Biomass gasification integration in recuperative gas turbine cycles and recuperative fuel cell integrated gas turbine cycles: -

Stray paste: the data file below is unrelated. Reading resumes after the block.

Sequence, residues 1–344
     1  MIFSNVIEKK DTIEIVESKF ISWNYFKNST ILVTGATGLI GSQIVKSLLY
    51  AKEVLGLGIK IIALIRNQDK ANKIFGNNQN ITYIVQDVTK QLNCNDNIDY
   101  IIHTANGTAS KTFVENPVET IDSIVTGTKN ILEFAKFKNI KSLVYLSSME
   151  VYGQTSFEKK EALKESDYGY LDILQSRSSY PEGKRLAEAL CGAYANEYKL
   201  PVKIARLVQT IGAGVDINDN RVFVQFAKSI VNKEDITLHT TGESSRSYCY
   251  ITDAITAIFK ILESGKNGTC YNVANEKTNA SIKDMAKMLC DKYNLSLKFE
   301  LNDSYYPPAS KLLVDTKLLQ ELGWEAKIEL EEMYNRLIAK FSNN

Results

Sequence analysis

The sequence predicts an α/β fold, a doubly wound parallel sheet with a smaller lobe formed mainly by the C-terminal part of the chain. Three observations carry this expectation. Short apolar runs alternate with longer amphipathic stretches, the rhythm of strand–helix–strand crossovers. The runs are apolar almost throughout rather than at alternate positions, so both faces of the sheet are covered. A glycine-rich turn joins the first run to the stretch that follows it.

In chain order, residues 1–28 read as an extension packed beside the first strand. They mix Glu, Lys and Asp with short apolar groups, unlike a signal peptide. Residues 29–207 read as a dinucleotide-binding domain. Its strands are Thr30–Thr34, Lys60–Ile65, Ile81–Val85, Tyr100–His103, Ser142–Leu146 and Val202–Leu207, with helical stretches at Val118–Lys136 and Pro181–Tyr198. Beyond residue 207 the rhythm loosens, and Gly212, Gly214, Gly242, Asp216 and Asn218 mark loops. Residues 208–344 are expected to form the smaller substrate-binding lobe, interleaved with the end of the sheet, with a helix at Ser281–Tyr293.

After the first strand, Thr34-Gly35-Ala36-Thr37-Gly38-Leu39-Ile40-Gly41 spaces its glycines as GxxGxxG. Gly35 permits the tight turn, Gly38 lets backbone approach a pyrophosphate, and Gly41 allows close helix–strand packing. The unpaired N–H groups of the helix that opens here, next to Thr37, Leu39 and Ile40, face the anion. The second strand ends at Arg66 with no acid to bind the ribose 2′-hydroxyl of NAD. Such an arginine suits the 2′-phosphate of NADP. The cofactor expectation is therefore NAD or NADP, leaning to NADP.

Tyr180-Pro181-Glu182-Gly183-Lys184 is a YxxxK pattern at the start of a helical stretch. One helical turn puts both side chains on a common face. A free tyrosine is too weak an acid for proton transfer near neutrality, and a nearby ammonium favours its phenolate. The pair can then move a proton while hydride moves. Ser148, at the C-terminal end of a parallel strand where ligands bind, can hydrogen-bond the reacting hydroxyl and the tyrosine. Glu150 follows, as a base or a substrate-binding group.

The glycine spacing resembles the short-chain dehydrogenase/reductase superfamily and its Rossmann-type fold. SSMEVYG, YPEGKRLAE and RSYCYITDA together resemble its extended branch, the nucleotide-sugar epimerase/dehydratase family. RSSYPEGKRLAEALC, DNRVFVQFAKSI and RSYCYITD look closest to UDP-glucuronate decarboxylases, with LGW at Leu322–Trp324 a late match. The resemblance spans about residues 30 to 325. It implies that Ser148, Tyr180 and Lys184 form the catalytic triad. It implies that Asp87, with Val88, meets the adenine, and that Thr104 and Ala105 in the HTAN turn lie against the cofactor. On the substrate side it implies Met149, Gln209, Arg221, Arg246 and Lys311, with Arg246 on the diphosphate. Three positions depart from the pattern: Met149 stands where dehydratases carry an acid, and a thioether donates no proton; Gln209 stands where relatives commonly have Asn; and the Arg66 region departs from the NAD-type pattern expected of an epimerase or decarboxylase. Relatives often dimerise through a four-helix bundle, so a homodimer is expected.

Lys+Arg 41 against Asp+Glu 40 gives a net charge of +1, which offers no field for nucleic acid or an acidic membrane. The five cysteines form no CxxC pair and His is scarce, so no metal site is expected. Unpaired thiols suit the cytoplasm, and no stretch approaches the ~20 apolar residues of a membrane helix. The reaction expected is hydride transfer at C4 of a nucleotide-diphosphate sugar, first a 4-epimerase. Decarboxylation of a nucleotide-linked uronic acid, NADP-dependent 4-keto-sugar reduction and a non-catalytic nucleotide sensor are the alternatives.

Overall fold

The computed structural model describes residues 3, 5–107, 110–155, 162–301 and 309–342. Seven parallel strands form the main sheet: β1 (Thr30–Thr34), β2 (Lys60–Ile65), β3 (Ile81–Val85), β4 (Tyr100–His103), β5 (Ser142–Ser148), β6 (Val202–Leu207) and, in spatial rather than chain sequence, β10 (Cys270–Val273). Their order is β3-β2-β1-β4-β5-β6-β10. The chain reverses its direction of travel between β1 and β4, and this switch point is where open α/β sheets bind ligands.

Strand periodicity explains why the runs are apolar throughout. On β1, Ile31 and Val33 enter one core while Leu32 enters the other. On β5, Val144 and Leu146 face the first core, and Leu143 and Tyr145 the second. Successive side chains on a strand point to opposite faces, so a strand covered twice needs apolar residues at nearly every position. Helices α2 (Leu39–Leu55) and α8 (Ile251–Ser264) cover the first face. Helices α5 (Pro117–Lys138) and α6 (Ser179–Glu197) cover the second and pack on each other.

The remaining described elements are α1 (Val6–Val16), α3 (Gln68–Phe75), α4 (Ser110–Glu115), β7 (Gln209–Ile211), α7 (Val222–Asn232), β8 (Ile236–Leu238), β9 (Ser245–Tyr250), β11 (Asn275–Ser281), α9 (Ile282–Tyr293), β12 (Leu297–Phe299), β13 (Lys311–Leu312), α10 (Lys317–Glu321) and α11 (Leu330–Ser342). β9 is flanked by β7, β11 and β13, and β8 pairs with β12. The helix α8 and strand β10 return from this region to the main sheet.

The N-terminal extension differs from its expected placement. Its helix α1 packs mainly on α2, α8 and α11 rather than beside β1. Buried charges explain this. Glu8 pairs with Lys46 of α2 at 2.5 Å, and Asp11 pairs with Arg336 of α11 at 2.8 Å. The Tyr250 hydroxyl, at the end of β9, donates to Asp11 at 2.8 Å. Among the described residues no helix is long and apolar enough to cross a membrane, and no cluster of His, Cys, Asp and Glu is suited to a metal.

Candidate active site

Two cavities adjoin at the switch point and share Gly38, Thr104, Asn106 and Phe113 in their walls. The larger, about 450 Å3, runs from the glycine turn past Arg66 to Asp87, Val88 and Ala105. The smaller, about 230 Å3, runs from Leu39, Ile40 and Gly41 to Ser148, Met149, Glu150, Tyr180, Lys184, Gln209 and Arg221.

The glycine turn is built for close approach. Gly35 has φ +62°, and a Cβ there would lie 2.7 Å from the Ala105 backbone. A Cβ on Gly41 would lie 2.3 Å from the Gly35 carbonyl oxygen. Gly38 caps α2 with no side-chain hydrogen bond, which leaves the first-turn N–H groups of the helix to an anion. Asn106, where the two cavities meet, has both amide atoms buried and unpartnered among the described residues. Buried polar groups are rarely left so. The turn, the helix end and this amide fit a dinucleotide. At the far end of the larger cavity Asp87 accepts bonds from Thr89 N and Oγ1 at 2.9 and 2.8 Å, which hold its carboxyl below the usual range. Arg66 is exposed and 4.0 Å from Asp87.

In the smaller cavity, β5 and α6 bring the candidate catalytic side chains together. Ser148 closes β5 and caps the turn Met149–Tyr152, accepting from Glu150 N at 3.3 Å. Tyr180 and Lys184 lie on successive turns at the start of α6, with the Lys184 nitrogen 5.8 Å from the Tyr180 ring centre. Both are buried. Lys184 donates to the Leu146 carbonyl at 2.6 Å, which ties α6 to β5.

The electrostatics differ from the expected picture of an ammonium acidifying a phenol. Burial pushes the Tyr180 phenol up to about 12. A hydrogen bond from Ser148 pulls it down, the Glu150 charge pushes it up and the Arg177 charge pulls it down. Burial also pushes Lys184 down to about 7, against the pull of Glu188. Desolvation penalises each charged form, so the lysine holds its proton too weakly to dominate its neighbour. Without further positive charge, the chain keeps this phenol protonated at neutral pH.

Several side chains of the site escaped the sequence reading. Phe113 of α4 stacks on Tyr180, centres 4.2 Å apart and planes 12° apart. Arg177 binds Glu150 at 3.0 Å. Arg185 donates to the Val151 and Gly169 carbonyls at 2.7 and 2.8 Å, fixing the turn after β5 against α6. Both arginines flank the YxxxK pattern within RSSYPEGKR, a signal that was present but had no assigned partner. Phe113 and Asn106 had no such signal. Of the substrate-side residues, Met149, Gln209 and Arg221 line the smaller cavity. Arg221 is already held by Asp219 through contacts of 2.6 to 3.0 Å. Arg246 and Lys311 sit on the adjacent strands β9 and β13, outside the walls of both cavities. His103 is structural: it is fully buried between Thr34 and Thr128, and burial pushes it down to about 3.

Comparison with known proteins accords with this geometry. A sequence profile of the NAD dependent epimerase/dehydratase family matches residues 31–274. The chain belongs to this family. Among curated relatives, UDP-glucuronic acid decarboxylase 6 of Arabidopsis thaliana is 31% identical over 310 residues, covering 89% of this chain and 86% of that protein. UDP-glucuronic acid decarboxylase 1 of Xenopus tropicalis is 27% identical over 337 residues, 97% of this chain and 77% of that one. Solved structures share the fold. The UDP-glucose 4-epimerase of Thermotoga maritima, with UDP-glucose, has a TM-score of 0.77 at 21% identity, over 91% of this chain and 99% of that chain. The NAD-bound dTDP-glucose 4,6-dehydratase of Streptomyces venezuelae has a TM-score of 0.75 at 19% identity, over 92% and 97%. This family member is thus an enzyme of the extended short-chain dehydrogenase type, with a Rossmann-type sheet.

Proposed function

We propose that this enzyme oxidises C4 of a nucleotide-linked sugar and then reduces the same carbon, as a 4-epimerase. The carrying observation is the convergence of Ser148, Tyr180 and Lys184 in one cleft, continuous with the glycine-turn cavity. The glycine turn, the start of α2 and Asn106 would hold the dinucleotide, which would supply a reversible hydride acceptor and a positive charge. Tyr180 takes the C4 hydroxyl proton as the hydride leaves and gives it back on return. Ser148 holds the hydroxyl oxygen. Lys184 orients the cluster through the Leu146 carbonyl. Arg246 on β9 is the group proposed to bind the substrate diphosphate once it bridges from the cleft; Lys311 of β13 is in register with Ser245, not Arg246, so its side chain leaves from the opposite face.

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A multi-reactor, multi-temperature, waste-heat driven biomass thermochemical converter is proposed and simulated in the process simulation tool Aspen Plus . The thermochemical converter is in Aspen Plus integrated with a gas turbine power cycle and a combined fuel cell/gas turbine power cycle. Both power cycles are recuperative, and supply the thermochemical converter with waste heat. For result comparison, the power cycles are also integrated with a reference conventional single-reactor thermochemical converter, utilizing partial oxidation to drive the conversion process. Exergy analysis is used for assessment of the simulation results. In stand-alone simulation, the proposed thermochemical shows high performance. Cold gas efficiency is 108.0% and syngas HHV is 14.5 MJ/kg on dry basis. When integrated with the gas turbine power cycle, the proposed converter fails to improve thermal efficiency of the integrated cycle significantly, compared to reference converter. Thermal efficiency is 41.8% and 40.7%, on a biomass HHV basis, with the proposed and the reference converter respectively. This is despite superior cold gas efficiency for the proposed converter, and the gas turbine cycle is found not to be able to properly take advantage of the high chemical energy in the syngas of the proposed converter. When integrated with the combined fuel cell/gas turbine power cycle, the proposed converter significantly improves the thermal efficiency of the integrated cycle, compared to the reference converter. Thermal efficiency is 56.0% and 51.2%, on a biomass HHV basis, with the proposed and the reference converter respectively. The fuel cell is found to be able to take advantage of the high chemical energy in the syngas of the proposed converter, which is the main cause of increase in thermal efficiency. Operation of the proposed thermochemical converter is found to be feasible at a wide range of operating conditions, although low operating temperatures in the converter may cause problems at very high carbon conversion ratios.